Future of Tourism Series | Guest Blog
By Al Hutchinson

Over the past year, our country has come face to face with structural racism. The pandemic’s disproportionate impact on people of color, the higher rate of unemployment and the killing of George Floyd at the hands of police officers have revealed in stark terms racism’s terrible grip and impact. 

Months ago, I co-signed a letter alongside other Black tourism leaders calling for the eradication of racism in the industry. Since then, I’ve heard from colleagues and allies around the world asking what they can personally do to advocate for diversity, equity and inclusion in their space. While eradicating racism in our industry and country is a mighty task, I believe there are five key places where we can start making a difference immediately:

  1. Diversity mural, hands of different colorsCreate more job opportunities for individuals of color. At Visit Baltimore, we are working with the Guinness Open Gate Brewery to launch a revamped Diversity Apprenticeship Program that will open professional doors for young adults of color. The program allows the apprentice to explore various roles and career paths; participants will be guaranteed employment by Visit Baltimore or a partner organization upon completion of the program with the support of Searchwide Global.
  2. Make sure there is representation on your board. If you don’t have a diverse representation in the room, it’s nearly impossible to foster an equitable and inclusive organization. It all comes back to giving diverse leaders a seat at the table so that different voices can be heard. At Visit Baltimore, we created a Diversity & Inclusion committee of our board to represent Baltimore’s African American as well as Hispanic/Latino and LQBTQ communities.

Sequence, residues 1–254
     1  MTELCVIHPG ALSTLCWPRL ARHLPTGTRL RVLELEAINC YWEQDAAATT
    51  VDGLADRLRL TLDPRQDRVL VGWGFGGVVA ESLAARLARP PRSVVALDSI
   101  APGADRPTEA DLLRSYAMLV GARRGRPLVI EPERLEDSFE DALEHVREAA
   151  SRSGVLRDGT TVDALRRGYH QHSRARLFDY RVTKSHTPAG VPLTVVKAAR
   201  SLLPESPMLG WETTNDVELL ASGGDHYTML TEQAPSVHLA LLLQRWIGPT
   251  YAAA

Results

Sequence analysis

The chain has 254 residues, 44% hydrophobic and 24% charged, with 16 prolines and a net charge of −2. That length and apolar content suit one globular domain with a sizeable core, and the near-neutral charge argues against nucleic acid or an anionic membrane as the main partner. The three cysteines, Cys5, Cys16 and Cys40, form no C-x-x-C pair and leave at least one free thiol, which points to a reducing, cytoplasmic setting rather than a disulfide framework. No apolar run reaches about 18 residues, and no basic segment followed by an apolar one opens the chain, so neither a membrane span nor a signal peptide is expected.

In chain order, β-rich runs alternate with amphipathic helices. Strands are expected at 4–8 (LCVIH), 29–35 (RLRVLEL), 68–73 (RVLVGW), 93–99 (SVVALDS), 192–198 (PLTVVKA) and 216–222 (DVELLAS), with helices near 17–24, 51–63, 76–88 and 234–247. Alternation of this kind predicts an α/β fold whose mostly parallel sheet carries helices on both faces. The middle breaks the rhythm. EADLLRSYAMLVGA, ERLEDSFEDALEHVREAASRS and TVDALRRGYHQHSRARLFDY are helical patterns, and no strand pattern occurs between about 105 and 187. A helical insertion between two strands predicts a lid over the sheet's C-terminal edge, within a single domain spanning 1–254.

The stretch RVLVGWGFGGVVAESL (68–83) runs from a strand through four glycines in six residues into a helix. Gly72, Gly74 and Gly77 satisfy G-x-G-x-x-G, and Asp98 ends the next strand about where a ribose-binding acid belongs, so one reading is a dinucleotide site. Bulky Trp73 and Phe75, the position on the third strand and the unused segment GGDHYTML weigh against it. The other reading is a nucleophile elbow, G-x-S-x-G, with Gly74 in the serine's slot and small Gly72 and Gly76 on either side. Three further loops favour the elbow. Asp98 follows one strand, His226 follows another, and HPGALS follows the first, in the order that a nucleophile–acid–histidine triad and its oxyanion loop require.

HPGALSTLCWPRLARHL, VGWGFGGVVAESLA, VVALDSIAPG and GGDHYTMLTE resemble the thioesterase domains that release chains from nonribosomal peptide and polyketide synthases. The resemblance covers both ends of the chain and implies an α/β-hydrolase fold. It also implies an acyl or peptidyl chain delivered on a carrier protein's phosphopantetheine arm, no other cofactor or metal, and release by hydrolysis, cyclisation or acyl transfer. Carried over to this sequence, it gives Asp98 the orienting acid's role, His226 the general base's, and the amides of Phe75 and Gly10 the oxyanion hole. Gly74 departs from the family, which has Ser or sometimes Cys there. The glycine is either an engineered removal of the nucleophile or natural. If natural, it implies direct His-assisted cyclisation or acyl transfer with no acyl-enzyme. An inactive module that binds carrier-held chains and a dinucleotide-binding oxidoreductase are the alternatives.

3. Offer diversity, equity and inclusion trainings for your staff and the hospitality community. Visit Baltimore began offering DE&I trainings for Baltimore tourism and hospitality leaders in Fall 2020. We also held a separate, four-session DE&I training program with the Visit Baltimore staff.
  4. Create special opportunities for visitors to learn about African American history in your destination and support Black-owned businesses. Destinations need to think about how best to support racially diverse consumers and travelers. We recently partnered with local writer Mecca Verdell to serve as the lead copywriter for Visit Baltimore’s new and free BoP Pass. This pass unlocks exclusive deals and discounts to museums and attractions that celebrate Baltimore’s rich African American history and heritage.
  5. Review your strategic plans, mission statements and core values, and make the necessary changes to ensure strong commitments to social justice and the eradicating of racism. Our leadership team is planning a virtual retreat that will help us address and embrace social justice and equity. And it’s imperative that this larger goal of eradicating racism is part of our organization’s mission.

There’s a long road ahead as we work toward a more inclusive industry, but that shouldn’t discourage us. Everyone can become an ally and advocate for real, impactful change in our industry.

Visit Baltimore logo

Al Hutchinson President & CEO of Visit Baltimore
Al Hutchinson
President and CEO of Visit Baltimore

Al Hutchinson joined Visit Baltimore as president and CEO in November 2016. As the chief executive of the city’s official destination sales and marketing organization, he is responsible for overseeing the promotion of the Baltimore region as a destination for conventions, meetings, leisure visits, day-trips, group tours and family reunions, in addition to serving as the hospitality industry’s liaison to the business, civic and local community, and demonstrating the impact of tourism on the City and the State.

Hutchinson brings more than 24 years of experience in the hospitality and destination marketing industry to Baltimore. He most recently served as president and CEO of Visit Mobile, where he was recognized as the 2016 Alabama Restaurant and Hospitality Alliance’s ‘Tourism Promoter of the Year,’ and in 2014 was the recipient of the National Coalition of Black Meeting Planners ‘Pioneer Award’.

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